By Josh Saunders
An adorable young boy born bent in half due to a defect has defied disability to become a successful wheelchair model at eight-years-old.
Charming Colton Robinson, from New England in Massachusetts, USA, has already wheeled his way down the New York Fashion Week catwalk twice and even modelled for Tommy Hilfiger.
At birth, he was declared one of the ‘worst’ spina bifida cases that his doctor had seen, with his legs arching up towards his head and spine protruding from his back.
He underwent surgery to repair his back at less than a day old and six months later, had an operation to drain fluid from his brain caused by hydrocephalus.
To straighten his legs and feet, he has regularly been put into casts, most recently last year, but the tenacious boy has always figured ways around his disability.
He participated in NYFW and charity catwalks with Runway of Dreams, since then he has loved every opportunity to model – even at times performing wheelies on the catwalk.
Mum, Ashley, 37, an insurance financial analyst, said: “I always ask him ahead of time if he wants to do modelling jobs and 100% of the time it’s yes, he tells me he likes it because it makes him feel good about himself.
“He loves it, he has such a big personality and is very secure about himself, which is great that he doesn’t see limitations for himself.
“Colton has to overcome a lot of hurdles being a child in a wheelchair, but in this sense, he does something other children don’t have an opportunity to do, so feels really good about that.
“He was only seven-years-old when he did New York Fashion Week, to go out there on the runway in front of all these people and cameras was incredible, he rocked it and did so well.
“I had tears in my eyes, it was an amazing moment seeing him out there and so proud of himself, it took a lot for him to do that.
“He has been asked to do numerous runways from New York Fashion Week to others, we try our hardest to do everything we can.
“Then he was asked to do spring and summer shoots for the Tommy Hilfiger Runway of dreams adaptive collection last year, it was a great experience and he loved every single second of it.
“On the NYFW runway last year, they had a narrow walkway for the kids’ catwalk, it was high off the ground, other kids were scared but Colton went right around and even did a wheelie.
“People were so impressed by him and loved that he doesn’t lack confidence, he’s starting to realise he can do anything.”
Colton was recognised as having spina bifida during a 20-week ultrasound, it affects one in every 1,000 births.
The birth defect happens in the womb, causing the spine and spinal cord not to form properly.
Ashley said: “We were called into a room and told that Colton had spina bifida, at first I was completely devastated not know what would happen to my child.
“The internet is a scary place, so when you google you only hear the worst-case scenarios, I remember feeling lost and not sure what to do.”
Colton was born with a large protective bubble sticking out of his back that contained parts of his spine and spinal cord that hadn’t formed properly.
Within 24-hours, he underwent surgery to correct the area.
Ashley said: “I remember them showing us a picture and saying it was one of the worst cases they had seen in a long time.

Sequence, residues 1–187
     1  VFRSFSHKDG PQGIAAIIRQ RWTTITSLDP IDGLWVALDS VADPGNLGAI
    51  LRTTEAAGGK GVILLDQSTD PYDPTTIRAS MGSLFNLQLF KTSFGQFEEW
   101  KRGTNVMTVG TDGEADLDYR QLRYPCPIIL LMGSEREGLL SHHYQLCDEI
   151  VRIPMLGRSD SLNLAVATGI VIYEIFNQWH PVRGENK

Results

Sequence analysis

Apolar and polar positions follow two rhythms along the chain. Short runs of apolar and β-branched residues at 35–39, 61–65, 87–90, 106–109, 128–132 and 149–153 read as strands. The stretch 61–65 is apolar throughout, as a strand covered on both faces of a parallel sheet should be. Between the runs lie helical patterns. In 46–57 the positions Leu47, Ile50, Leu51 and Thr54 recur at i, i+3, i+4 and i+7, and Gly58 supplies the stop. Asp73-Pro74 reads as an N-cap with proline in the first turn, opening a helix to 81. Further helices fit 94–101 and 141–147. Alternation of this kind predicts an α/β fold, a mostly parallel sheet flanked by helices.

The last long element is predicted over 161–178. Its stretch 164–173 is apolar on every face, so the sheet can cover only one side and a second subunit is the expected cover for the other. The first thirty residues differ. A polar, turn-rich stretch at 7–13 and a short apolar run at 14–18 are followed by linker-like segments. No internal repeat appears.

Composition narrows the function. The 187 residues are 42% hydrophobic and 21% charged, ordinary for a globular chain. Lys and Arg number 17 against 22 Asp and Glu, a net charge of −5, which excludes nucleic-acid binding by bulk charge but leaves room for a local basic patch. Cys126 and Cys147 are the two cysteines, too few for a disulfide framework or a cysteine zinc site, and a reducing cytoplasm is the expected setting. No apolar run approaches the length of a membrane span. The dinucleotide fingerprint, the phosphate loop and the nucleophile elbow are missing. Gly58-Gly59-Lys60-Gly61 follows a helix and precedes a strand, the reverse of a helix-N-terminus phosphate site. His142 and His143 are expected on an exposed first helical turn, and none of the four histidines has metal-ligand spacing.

“The way the spine was sticking out and the protection bubble on his back, it looked like a huge jellyfish because it was so large.
“We didn’t get to hold him until he was over a week old, after being born he was in NICU for two weeks, it was the hardest thing.”
After further surgery to drain fluid on the brain, he would need a series of casts on his legs to help straighten his feet.
Most recently, a cast was placed on him a year ago for ten weeks to correct his feet after they began turning outwards – making him uncomfortable and making it more difficult to use his wheelchair.
In spite of this, he’s battled to become independent and finds ways around his disabilities.
Ashley said: “When he was born his legs were hyperextended to his face, it was like he was bent in half but after surgery and a series of casts that was fixed in the first couple of years of his life.
“He’s very independent now and if he needs to grab something he will reach out of his chair to get it all by himself and doesn’t get upset about being unable to walk.
“Around the house he will crawl too, so he is not always in his wheelchair, often dragging his casts around and at school he races around in his wheelchair.”
Ashley claims her son’s modelling talent was spotted from a young age, after being picked for a fundraising photo-op for Shriner’s Children’s Hospital in 2013.
He was shortlisted to the top ten for a ‘cutest kid’ contest in a parenting magazine a year later before being asked to partake in a runway.
Ashley said: “Colton was asked to do a little runway show in Philadelphia during a hockey match, he was a little nervous at first, but it just made his face light up.
“You don’t see many kids in wheelchairs or with disabilities in magazines or TV, so I’m proud of him.”
A couple of years ago Colton quizzed his mum about why he couldn’t walk, but after having spina bifida explained he has continued to feel confident and empowered.
Ashley said: “I tell him the same thing I’ve told him since he was little that he can do anything any other child can.
“It’s amazing, I still forget when he was born, his legs were so different and how far he has come, it’s been truly a pleasure watching him grow up.
“It makes me proud that he enjoys modelling, the fact that he wants to be there is really amazing.
“He just really enjoys it, he is a bit on the young side to realise what he is showing people by being a model with a disability, but I think as he gets older he will appreciate that aspect.”